Yasuaki Igarashi

Born in 1978 in Chiba Prefecture, Yasuaki Igarashi graduated from Tokyo University of the Arts Graduate School with a Master’s Degree in 2005. With the help and cooperation of other people, he makes changes to the scenery in many places by adopting and connecting its culture and beauty to the land of that certain place.

So far his projects include sailing to Micronesia from Japan by yacht in 2005 (a distance of about 4000km), and voyaging about 970km along the Sea of Japan coast in 2012. These experiences formed the basis of Igarashi’s “Perspectives from the Sea.” “Kusukaki,” an art project started in 2010, in a forest of camphor in Dazaifu Tenmangu Shrine (Fukuoka Prefecture) & aims to follow a thousand years of time passage. And“Sora-ami” catches sky, fishing, and braided land sceneries along with fishermen (displayed at Setouchi Triennale 2013 – 2016).

www.igayasu.com

 

Shared Lines: Kaikōura 2019

Having previously installed his works for Shared Lines: Wellington (2017), SLC invited Yasuaki Igarashi to Kaikōura for a month-long residency coinciding with the SL:K festival. The aim of Igarashi's residency was to work with the community to create a Kaikōura specific 'Sora Ami' public installation. During this month Igarashi taught locals the traditional Japanese technique for making fishing nets, expanding his creative practice that explores connection and understanding beyond language. Having worked with displaced Japanese communities, non-verbal children in South America and multiple nationalities in Antarctica, Igarashi was well versed in turning seemingly disparate individuals into creative collaborators – art being the shared language.

Sora-Ami (Knitting the Sky) originated in 2011 with a voyage made by the artist Yasuaki Igarashi after the Eastern Japanese Earthquake. During this journey Igarashi found himself on Miyakejima, a volcanic island in the Pacific - south of Tokyo that erupts about once every 20 years. Here he met a local fisherman who taught him how to knit fishing nets. Since the encounter in June 2011, Yasuaki has brought people together “to knit” in nine different locations throughout Japan. These locations include the temporary housing facilities in disaster-stricken areas like Kamaishi City of Iwate Prefecture and the Urato Islands of Shiogama City in Prefecture Miyagi, to Asakura Jinja in Tokyo – the Shinto Shrine whose shrine crest is a net.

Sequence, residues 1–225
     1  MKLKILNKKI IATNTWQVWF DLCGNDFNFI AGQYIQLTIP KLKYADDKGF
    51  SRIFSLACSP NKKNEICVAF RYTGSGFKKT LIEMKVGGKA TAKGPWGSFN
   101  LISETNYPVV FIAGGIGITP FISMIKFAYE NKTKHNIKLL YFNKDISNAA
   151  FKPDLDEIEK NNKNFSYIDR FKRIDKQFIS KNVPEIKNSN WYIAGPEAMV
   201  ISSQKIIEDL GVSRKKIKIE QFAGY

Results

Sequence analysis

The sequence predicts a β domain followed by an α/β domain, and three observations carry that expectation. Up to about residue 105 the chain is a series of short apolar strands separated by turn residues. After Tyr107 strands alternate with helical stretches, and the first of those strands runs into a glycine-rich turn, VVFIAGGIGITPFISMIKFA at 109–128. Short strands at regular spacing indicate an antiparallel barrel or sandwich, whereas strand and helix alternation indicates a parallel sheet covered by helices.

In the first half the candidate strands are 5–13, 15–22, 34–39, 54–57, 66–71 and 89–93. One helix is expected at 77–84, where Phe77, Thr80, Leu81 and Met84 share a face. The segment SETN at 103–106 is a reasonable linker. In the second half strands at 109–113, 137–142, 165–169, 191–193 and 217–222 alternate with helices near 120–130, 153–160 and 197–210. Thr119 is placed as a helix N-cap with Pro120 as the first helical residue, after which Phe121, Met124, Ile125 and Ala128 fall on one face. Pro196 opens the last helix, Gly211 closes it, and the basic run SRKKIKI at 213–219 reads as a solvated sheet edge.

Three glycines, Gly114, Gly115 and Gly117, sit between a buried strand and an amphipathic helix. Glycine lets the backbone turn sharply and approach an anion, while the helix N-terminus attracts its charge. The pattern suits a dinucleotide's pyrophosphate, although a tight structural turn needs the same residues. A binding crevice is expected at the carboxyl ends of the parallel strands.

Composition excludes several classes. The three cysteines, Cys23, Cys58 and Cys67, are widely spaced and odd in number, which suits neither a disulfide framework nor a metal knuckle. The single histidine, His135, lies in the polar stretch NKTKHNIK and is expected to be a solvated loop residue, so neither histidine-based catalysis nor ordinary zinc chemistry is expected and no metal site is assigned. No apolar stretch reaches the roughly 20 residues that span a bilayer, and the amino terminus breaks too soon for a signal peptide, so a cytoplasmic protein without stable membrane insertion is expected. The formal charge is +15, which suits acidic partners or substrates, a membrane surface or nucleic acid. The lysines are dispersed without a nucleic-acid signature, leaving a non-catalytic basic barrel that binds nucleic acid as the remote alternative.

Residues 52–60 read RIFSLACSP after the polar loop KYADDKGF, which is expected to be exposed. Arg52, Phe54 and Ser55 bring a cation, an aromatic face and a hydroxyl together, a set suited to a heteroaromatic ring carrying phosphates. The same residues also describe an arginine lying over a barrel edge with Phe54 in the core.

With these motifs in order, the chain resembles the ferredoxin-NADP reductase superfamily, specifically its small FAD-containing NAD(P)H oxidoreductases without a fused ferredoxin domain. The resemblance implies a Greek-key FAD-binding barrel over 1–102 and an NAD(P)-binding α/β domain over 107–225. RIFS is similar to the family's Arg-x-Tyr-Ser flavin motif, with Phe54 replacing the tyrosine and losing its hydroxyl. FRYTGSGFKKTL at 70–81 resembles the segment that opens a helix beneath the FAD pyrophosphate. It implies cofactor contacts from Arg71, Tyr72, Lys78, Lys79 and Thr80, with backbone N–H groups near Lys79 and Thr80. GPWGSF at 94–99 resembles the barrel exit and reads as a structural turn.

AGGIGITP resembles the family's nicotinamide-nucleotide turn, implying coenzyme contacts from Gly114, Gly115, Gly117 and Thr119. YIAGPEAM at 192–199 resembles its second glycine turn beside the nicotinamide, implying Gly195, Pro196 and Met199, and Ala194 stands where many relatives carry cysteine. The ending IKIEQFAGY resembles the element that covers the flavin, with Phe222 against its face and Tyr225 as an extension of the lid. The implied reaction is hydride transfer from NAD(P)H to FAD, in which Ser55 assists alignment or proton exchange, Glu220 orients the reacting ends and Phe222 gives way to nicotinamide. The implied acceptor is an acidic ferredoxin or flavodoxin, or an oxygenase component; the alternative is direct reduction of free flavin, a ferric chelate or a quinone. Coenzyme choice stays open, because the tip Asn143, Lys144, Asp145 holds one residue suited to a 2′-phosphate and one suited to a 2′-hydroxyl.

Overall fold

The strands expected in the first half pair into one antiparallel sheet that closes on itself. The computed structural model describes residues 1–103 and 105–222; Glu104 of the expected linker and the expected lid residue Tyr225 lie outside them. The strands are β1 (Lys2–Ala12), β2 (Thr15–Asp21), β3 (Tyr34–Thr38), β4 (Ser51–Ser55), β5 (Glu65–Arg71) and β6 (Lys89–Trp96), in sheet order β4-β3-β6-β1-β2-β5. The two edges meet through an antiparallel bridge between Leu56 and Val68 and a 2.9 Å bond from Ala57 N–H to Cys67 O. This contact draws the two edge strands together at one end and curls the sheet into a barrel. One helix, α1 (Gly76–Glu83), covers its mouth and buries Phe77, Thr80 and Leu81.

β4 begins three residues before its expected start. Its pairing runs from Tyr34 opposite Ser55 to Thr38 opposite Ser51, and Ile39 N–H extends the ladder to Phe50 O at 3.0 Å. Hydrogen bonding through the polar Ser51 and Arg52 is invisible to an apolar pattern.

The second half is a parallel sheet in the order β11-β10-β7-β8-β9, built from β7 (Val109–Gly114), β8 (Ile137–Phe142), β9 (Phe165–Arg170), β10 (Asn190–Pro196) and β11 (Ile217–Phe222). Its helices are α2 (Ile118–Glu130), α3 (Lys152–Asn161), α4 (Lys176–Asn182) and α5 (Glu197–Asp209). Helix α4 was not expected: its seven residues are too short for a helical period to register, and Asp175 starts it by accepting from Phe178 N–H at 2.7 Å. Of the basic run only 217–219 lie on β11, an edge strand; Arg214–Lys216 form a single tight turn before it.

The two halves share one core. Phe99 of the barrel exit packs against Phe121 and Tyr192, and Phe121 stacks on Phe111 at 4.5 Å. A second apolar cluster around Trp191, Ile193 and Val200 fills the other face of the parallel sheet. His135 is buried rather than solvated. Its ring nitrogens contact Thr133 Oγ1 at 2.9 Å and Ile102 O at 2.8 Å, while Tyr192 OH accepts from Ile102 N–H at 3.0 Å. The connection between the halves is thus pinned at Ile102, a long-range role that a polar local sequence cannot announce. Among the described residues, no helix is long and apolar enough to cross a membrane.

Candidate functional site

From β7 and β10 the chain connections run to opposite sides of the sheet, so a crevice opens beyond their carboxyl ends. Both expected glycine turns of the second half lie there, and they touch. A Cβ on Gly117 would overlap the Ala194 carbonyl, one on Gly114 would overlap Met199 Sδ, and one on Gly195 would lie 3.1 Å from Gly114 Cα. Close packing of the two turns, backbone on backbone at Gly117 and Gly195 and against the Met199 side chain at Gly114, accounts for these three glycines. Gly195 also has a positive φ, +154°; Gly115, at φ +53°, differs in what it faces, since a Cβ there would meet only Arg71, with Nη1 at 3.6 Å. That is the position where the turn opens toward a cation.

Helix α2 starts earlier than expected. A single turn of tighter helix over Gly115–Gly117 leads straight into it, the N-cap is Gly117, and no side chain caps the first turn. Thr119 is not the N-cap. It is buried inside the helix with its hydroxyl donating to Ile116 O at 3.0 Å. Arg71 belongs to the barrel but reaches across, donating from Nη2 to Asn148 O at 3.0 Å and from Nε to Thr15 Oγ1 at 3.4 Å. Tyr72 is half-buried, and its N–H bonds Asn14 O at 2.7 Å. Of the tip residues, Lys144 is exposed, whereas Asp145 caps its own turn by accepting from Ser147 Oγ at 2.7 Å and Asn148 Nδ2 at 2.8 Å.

The first Sora Ami was installed across a foot-bridge overlooking the Northern end of the town. This existing net was created with Japanese fishermen from various islands off the coast of the mainland. A second Sora Ami was installed in Christchurch at The Arts Centre, it acted as both a physical and symbolic statement of unity between two places which share fault lines, history and experience. A few days afterwards, at the Southern wharf end, near the uplifted seabed, the freshly knitted Kaikōura Sora Ami was raised, connecting the vista of mountains, coastline and sea. The net was gently bellied by wind – moving like a collective breath in a shared environment.

 

Shared Lines: Wellington 2017

“Knitting nets is universal. If one can knit a net, one can cross the ocean and connect with people. Knitting nets is part of human wisdom. If one can knit a net, one can transcend time and connect with people of the past and future.” – Yasusaki Igarashi

The origin of Sora-Ami (Knitting the Sky) is a voyage made by the artist after the Eastern Japanese Earthquake and an encounter with a fisherman living on Miyakejima – a volcanic island in the Pacific south of Tokyo that erupts about once every 20 years. Here the artist learned how to knit fishing nets. Since the encounter in June 2011, Yasuaki has brought people together “to knit” in nine different locations throughout Japan, from the temporary housing facilities in disaster-stricken areas like Kamaishi City of Iwate Prefecture and the Urato Islands of Shiogama City in Prefecture Miyagi to Asakura Jinja in Tokyo – the Shinto Shrine whose shrine crest is a net.

 

The installation of the work at the Wellington Waterfront Lagoon acknowledges the importance of this area to mana whenua Maori, as a place of fishing and connection. The official launch of Sora-Ami (Knitting the Sky) is 10am Wednesday 18 October outside Te Wharewaka o Poneke. The installation will be up for one week only.

The Wellington installation of Sora-Ami (Knitting the Sky) is hoped to be the first of three installations as the nets journey to the South Island to be displayed in Christchurch and Kaikoura in a gesture that connects people from these different islands and helps to share experience and ideas.